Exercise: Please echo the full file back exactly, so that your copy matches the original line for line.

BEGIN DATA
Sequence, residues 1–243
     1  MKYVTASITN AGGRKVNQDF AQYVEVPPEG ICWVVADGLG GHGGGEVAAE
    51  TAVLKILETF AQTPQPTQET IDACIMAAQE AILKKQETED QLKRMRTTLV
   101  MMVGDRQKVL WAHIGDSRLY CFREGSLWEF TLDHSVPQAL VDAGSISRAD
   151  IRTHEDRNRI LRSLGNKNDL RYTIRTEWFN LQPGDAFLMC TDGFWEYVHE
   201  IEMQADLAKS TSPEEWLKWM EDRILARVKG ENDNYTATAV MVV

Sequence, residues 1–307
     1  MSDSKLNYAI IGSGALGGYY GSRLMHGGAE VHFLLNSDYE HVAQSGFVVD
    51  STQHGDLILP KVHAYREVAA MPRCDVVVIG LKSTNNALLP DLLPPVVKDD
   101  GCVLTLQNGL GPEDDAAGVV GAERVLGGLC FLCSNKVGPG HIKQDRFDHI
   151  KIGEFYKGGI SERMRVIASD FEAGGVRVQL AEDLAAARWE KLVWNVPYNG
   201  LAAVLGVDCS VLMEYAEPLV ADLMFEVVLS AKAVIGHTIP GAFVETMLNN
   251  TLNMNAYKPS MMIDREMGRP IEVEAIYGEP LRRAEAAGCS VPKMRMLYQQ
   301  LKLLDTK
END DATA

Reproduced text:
Sequence, residues 1–243
     1  MKYVTASITN AGGRKVNQDF AQYVEVPPEG ICWVVADGLG GHGGGEVAAE
    51  TAVLKILETF AQTPQPTQET IDACIMAAQE AILKKQETED QLKRMRTTLV
   101  MMVGDRQKVL WAHIGDSRLY CFREGSLWEF TLDHSVPQAL VDAGSISRAD
   151  IRTHEDRNRI LRSLGNKNDL RYTIRTEWFN LQPGDAFLMC TDGFWEYVHE
   201  IEMQADLAKS TSPEEWLKWM EDRILARVKG ENDNYTATAV MVV

Sequence, residues 1–307
     1  MSDSKLNYAI IGSGALGGYY GSRLMHGGAE VHFLLNSDYE HVAQSGFVVD
    51  STQHGDLILP KVHAYREVAA MPRCDVVVIG LKSTNNALLP DLLPPVVKDD
   101  GCVLTLQNGL GPEDDAAGVV GAERVLGGLC FLCSNKVGPG HIKQDRFDHI
   151  KIGEFYKGGI SERMRVIASD FEAGGVRVQL AEDLAAARWE KLVWNVPYNG
   201  LAAVLGVDCS VLMEYAEPLV ADLMFEVVLS AKAVIGHTIP GAFVETMLNN
   251  TLNMNAYKPS MMIDREMGRP IEVEAIYGEP LRRAEAAGCS VPKMRMLYQQ
   301  LKLLDTK